Abstract Berardia subacaulis Vill. is a monospecific genus that is endemic to the South-western Alps, where it grows on alpine screes, which are extreme habitats characterized by soil disturbance and limiting growth conditions. Root colonization by arbuscular mycorrhizal fungi (AMF) is presumably of great importance in these environments, because of its positive effect on plant nutrition and stress tolerance, as well as on structuring the soil. However, there is currently a lack of information on this topic. In this paper, we tested which soil characteristics and biotic factors could contribute to determining the abundance and community composition of AMF in the roots of B. subacaulis, which had previously been found to be mycorrhizal. For such a reason, the influence of soil properties and environmental factors on AMF abundance and community composition in the roots of B. subacaulis, sampled on three different scree slopes, were analysed through microscopic and molecular analysis. The results have shown that the AMF community of Berardia roots was dominated by Glomeraceae, and included a core of AMF taxa, common to all three scree slopes. The vegetation coverage and dark septate endophytes were not related to the AMF colonization percentage and plant community did not influence the root AMF composition. The abundance of AMF in the roots was related to some chemical (available extractable calcium and potassium) and physical (cation exchange capacity, electrical conductivity and field capacity) properties of the soil, thus suggesting an effect of AMF on improving the soil quality. The non-metric multidimensional scaling (NMDS) ordination of the AMF community composition showed that the diversity of AMF in the various sites was influenced not only by the soil quality, but also by the slope. Therefore, the slope-induced physical disturbance of alpine screes may contribute to the selection of disturbance-tolerant AMF taxa, which in turn may lead to different plant-fungus assemblages.

The abundance and diversity of arbuscular mycorrhizal fungi are linked to the soil chemistry of screes and to slope in the Alpic paleo-endemic Berardia subacaulis

LUMINI, ERICA;DOVANA, FRANCESCO;ARNULFO, ANNAMARIA;FUSCONI, Anna;MUCCIARELLI, Marco
Last
2017

Abstract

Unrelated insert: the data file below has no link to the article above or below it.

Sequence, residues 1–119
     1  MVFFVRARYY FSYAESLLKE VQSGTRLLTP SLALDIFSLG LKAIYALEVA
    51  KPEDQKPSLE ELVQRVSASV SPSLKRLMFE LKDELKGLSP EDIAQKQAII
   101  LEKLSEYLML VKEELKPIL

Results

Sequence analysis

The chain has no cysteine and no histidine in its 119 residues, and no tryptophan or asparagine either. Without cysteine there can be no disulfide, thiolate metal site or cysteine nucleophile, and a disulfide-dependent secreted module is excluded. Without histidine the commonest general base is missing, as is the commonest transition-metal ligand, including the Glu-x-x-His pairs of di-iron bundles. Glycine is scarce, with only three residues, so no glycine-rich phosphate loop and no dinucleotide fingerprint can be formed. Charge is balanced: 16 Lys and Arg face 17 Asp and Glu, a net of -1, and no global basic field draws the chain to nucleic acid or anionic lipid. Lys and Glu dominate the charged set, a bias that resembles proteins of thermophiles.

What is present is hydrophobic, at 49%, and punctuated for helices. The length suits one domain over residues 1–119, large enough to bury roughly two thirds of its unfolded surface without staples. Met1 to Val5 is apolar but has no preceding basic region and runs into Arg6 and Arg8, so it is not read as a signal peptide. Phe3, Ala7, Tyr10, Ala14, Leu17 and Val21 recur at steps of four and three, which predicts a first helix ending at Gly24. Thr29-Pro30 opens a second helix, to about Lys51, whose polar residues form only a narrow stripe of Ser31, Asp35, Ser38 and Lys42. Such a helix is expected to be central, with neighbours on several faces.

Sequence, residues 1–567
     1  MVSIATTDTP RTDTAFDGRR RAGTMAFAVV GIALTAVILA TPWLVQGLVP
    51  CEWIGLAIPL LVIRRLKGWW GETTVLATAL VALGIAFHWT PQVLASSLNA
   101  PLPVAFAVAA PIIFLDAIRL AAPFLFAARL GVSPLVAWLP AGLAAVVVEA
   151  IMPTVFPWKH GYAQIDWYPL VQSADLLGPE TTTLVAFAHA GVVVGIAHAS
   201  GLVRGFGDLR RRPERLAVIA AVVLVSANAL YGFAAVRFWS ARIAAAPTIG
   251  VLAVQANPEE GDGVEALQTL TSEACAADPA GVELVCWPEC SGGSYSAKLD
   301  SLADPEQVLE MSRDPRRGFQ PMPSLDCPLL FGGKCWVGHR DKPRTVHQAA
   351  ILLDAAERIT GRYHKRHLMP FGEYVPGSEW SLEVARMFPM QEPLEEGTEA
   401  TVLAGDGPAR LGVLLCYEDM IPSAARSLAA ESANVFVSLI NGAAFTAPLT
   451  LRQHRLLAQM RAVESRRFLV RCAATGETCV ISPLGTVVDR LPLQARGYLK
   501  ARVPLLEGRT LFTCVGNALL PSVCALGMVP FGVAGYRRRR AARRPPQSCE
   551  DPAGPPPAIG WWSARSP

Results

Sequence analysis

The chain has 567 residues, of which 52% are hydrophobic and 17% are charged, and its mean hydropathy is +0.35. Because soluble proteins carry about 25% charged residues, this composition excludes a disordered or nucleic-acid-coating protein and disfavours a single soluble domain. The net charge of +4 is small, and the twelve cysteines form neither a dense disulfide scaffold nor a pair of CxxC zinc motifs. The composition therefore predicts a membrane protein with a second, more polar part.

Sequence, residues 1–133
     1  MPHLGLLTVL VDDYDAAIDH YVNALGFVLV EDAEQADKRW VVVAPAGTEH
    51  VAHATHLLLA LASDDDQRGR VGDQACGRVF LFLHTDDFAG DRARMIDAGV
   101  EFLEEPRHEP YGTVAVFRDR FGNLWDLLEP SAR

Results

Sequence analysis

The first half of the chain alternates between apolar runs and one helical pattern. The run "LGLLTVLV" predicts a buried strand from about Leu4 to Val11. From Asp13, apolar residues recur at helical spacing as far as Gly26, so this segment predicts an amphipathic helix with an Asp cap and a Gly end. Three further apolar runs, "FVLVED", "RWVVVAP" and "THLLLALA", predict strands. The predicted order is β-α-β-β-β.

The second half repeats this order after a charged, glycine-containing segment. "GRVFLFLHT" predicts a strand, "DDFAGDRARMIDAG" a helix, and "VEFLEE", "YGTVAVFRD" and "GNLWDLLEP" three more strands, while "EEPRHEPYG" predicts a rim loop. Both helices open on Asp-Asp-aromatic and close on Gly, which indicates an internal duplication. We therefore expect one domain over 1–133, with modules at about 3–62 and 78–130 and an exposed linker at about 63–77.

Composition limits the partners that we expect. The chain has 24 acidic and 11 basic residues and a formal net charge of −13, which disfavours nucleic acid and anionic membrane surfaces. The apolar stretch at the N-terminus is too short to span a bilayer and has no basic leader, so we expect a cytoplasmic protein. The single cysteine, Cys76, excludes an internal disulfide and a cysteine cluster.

Abstract Berardia subacaulis Vill. is a monospecific genus that is endemic to the South-western Alps, where it grows on alpine screes, which are extreme habitats characterized by soil disturbance and limiting growth conditions. Root colonization by arbuscular mycorrhizal fungi (AMF) is presumably of great importance in these environments, because of its positive effect on plant nutrition and stress tolerance, as well as on structuring the soil. However, there is currently a lack of information on this topic. In this paper, we tested which soil characteristics and biotic factors could contribute to determining the abundance and community composition of AMF in the roots of B. subacaulis, which had previously been found to be mycorrhizal. For such a reason, the influence of soil properties and environmental factors on AMF abundance and community composition in the roots of B. subacaulis, sampled on three different scree slopes, were analysed through microscopic and molecular analysis. The results have shown that the AMF community of Berardia roots was dominated by Glomeraceae, and included a core of AMF taxa, common to all three scree slopes. The vegetation coverage and dark septate endophytes were not related to the AMF colonization percentage and plant community did not influence the root AMF composition. The abundance of AMF in the roots was related to some chemical (available extractable calcium and potassium) and physical (cation exchange capacity, electrical conductivity and field capacity) properties of the soil, thus suggesting an effect of AMF on improving the soil quality. The non-metric multidimensional scaling (NMDS) ordination of the AMF community composition showed that the diversity of AMF in the various sites was influenced not only by the soil quality, but also by the slope. Therefore, the slope-induced physical disturbance of alpine screes may contribute to the selection of disturbance-tolerant AMF taxa, which in turn may lead to different plant-fungus assemblages.
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e0171866
e0171866
http://journals.plos.org/plosone/article/file?id=10.1371/journal.pone.0171866&type=printable
Medicine (all); Biochemistry, Genetics and Molecular Biology (all); Agricultural and Biological Sciences (all)
Casazza, Gabriele; Lumini, Erica; Ercole, Enrico; Dovana, Francesco; Guerrina, Maria; Arnulfo, Annamaria; Minuto, Luigi; Fusconi, Anna; Mucciarelli, Marco
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Utilizza questo identificativo per citare o creare un link a questo documento: http://hdl.handle.net/2318/1637334
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